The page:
But it also demonstrated that the bestiality of the domestic regime was secondary to invasion, the most direct form of interference in domestic affairs of another country. The Khmer Rouge, from 1975 to 1979‬, had killed between 1.7 and three million of its Cambodian people. There always is a deathly aftertaste, when evil acts committed behind borders are sustained by keeping domestic affairs beyond the concern of others.

Without Indonesian leadership, Asean would be in absolute political wilderness. The republic’s foreign minister has been trying her best to whip up Asean action. Brunei has been active. There were strong words from Singapore and Malaysia, but nothing more as violence against civilian populations
rolls on.

Where are the others? The Asean charade cannot continue. Decisions by consensus have to be reviewed if clear-cut cases, such as Myanmar’s ethnic cleansing and killings of its own people, are allowed to stand with impunity. On Myanmar in particular, Malaysia — as one of those who pushed strongly for its membership of Asean in 1997 — has a responsibility to be more active in getting Asean to act.

Beyond that, it is about time that Asean is reformed. Even during the Covid-19 pandemic, Asean continues to make decisions in a slow and ponderous manner when the need for urgency is greatest, when lives and livelihoods are at stake.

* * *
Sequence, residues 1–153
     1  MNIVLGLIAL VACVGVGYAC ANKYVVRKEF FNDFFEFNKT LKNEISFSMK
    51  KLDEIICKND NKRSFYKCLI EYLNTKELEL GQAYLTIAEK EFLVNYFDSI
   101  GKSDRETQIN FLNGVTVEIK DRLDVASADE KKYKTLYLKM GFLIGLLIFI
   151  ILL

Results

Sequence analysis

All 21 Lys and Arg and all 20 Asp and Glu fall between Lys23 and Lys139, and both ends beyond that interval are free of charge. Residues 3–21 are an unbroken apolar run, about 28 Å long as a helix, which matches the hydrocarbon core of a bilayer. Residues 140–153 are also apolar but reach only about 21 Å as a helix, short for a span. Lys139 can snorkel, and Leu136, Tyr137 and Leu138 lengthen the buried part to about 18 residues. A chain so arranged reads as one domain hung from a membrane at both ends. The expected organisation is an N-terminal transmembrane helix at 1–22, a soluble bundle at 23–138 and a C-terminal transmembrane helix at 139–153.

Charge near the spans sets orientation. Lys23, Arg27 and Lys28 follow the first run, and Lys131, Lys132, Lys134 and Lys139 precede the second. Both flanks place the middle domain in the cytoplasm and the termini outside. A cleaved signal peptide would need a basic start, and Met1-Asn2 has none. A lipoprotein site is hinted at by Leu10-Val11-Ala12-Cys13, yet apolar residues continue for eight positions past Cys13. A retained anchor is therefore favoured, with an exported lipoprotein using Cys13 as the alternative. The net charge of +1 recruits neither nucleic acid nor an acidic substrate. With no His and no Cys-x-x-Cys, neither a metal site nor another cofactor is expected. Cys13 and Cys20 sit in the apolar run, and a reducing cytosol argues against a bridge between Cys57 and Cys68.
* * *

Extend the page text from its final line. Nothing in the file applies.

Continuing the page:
Now, when people are being mowed down in one of its member states, Asean is still not responding with clear and fast action.

Those who have made so many comments in the past about why countries must not interfere in the affairs of another should be careful what they wish for. Life is dear. Suffering has no borders. R2P is not just an international obligation and a moral duty. You could be the next victim.

Aung San Suu Kyi did herself no favours by absolving the Myanmar military of genocide of the Rohingya. Now she is in detention again as is Myanmar under military rule. What goes around comes around.

Meanwhile, Asean is up there for all to see as more interested in allowing member states to carry on within their internal borders in any way they like, without legal or ethical concern for human life.

The writer, a former group editor of NST, is visiting senior fellow and member of the Advisory Board of LSE IDEAS (Centre for International Affairs, Diplomacy and Strategy)